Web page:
Hi! Nice to see you back here. My cousin's son was born with both cleft lip and cleft palate. He is now grown, married, and a father! He really was a best case scenario. He had a great medical team, successful surgeries, and everything went well.
I also have some experience working with CL/P professionally (not a lot, to be honest). I took a class specifically devoted to CL/P and other craniofacial disorders so I know a lot on paper, though.
If it is just a cleft lip, it may simply be a cosmetic issue. Surgery will be required to fix the lip (and possibly the nose, depending on how much is affected). It shouldn't affect speech at all. Feeding shouldn't be affected but there is a possibility the baby could have difficulty latching.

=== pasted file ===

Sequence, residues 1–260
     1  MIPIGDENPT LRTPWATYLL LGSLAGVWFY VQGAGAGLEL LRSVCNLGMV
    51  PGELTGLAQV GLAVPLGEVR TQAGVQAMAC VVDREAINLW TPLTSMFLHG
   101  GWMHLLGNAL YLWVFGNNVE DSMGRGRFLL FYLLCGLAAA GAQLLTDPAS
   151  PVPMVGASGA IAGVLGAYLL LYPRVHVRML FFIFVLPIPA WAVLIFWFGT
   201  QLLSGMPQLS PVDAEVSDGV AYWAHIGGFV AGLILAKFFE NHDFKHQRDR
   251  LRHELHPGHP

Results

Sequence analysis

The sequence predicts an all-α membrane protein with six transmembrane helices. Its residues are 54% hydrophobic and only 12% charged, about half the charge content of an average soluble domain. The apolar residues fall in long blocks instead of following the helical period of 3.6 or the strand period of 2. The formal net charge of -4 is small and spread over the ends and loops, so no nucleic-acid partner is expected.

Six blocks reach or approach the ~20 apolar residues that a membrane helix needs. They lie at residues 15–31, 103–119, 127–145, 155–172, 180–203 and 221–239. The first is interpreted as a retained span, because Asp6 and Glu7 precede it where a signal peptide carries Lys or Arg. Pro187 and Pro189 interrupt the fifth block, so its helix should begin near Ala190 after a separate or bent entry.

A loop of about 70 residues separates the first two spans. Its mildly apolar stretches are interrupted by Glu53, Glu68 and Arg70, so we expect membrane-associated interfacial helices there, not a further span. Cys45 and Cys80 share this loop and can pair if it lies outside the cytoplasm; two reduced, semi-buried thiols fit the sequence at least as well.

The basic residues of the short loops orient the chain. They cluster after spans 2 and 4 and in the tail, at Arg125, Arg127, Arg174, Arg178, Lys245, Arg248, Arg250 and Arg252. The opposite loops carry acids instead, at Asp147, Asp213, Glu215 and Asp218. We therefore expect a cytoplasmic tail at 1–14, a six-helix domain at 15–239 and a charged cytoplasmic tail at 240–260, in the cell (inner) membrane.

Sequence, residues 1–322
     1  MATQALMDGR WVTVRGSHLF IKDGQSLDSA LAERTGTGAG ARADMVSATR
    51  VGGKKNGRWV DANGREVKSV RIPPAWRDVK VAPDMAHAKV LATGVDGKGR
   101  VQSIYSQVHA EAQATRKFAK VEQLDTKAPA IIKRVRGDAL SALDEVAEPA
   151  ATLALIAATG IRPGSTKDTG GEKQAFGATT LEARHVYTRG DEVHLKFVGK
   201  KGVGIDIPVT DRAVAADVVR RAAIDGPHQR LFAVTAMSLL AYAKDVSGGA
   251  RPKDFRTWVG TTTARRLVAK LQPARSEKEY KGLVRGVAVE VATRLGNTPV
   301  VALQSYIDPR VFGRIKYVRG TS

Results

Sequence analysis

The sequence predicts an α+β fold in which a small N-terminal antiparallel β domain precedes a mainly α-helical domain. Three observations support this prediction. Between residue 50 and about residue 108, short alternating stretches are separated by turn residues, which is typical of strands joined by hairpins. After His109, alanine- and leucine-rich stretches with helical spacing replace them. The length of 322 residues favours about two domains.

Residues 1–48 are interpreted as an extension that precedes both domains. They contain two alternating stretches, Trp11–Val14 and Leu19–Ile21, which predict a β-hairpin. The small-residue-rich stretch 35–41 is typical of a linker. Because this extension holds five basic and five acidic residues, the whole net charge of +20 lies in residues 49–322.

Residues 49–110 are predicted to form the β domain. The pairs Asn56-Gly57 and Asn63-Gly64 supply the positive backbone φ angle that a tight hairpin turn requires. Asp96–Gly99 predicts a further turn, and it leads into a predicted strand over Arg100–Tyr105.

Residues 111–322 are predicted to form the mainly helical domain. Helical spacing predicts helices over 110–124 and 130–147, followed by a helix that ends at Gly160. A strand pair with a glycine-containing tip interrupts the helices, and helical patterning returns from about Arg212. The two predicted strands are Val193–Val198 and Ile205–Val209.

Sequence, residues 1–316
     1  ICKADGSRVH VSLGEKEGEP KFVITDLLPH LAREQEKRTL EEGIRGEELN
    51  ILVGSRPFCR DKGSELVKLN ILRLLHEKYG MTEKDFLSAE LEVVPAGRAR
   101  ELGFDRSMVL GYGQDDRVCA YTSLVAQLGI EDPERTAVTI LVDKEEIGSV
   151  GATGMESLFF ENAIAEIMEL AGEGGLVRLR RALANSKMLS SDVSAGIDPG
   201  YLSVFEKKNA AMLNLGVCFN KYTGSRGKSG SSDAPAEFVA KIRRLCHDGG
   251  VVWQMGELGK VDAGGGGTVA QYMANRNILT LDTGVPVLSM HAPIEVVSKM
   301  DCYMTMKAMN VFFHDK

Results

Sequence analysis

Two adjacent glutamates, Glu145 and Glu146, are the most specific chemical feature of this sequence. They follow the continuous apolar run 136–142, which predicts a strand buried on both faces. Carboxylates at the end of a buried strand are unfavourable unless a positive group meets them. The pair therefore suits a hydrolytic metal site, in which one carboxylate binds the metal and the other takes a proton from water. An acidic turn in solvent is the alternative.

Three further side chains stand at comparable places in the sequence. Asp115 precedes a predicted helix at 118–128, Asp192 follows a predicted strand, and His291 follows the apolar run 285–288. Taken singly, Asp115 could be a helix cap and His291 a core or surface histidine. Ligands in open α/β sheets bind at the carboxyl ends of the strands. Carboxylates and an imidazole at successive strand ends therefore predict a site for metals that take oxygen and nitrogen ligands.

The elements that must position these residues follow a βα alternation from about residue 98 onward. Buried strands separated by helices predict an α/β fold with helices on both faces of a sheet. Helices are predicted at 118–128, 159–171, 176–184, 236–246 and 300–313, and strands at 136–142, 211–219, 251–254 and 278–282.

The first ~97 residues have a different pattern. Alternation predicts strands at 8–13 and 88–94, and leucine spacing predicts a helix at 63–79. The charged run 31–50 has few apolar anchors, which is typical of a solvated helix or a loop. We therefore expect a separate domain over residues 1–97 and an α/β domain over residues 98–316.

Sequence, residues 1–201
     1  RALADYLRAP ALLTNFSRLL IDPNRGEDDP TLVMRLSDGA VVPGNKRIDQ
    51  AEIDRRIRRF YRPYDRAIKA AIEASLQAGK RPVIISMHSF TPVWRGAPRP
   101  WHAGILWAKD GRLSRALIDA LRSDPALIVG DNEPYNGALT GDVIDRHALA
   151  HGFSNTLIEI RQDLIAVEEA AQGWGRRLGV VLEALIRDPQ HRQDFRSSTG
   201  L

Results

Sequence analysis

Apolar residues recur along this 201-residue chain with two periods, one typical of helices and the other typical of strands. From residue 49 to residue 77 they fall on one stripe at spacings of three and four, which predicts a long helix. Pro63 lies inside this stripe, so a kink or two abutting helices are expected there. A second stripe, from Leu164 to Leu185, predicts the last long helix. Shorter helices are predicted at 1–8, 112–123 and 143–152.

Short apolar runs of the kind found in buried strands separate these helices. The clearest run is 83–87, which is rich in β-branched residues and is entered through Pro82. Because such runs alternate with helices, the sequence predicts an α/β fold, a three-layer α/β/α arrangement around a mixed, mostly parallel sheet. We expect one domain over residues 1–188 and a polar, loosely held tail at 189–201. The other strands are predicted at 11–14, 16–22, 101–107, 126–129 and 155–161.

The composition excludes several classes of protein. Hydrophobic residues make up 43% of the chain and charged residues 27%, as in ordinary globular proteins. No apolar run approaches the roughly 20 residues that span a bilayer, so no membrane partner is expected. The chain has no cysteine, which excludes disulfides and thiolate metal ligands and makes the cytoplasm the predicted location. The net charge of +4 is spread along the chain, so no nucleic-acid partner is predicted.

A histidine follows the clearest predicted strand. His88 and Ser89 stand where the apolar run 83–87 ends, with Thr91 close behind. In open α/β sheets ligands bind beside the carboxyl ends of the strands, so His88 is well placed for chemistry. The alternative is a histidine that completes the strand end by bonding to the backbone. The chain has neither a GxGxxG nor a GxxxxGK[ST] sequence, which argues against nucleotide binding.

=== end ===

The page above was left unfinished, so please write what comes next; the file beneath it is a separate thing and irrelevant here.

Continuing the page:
If it is a cleft lip and palate both, it's more of a big deal. It will affect breastfeeding and bottle feeding (no ability to latch/suck), speech, teeth may not grow in right so extensive dental work may be required as well as the palate and lip repair. These kids are often prone to ear infections and in one case I know of, a girl with a CL/P was given hearing aids due to the ear infections (that's extremely rare). Because she had an unusual bone structure, it was much more of a problem than the typical ear infection most kids get. There will be a series of surgeries, up through adolescence. It can seem overwhelming. The good news is, it's fixable and I've seen my cousin as a great example of how well everything can go. Have her look around her community and find a craniofacial team. A team approach is critical to managing all the various specialists and interventions.
Let me know if you have more questions.
Last edited by Gwenn; 06-25-2014 at 01:42 PM.
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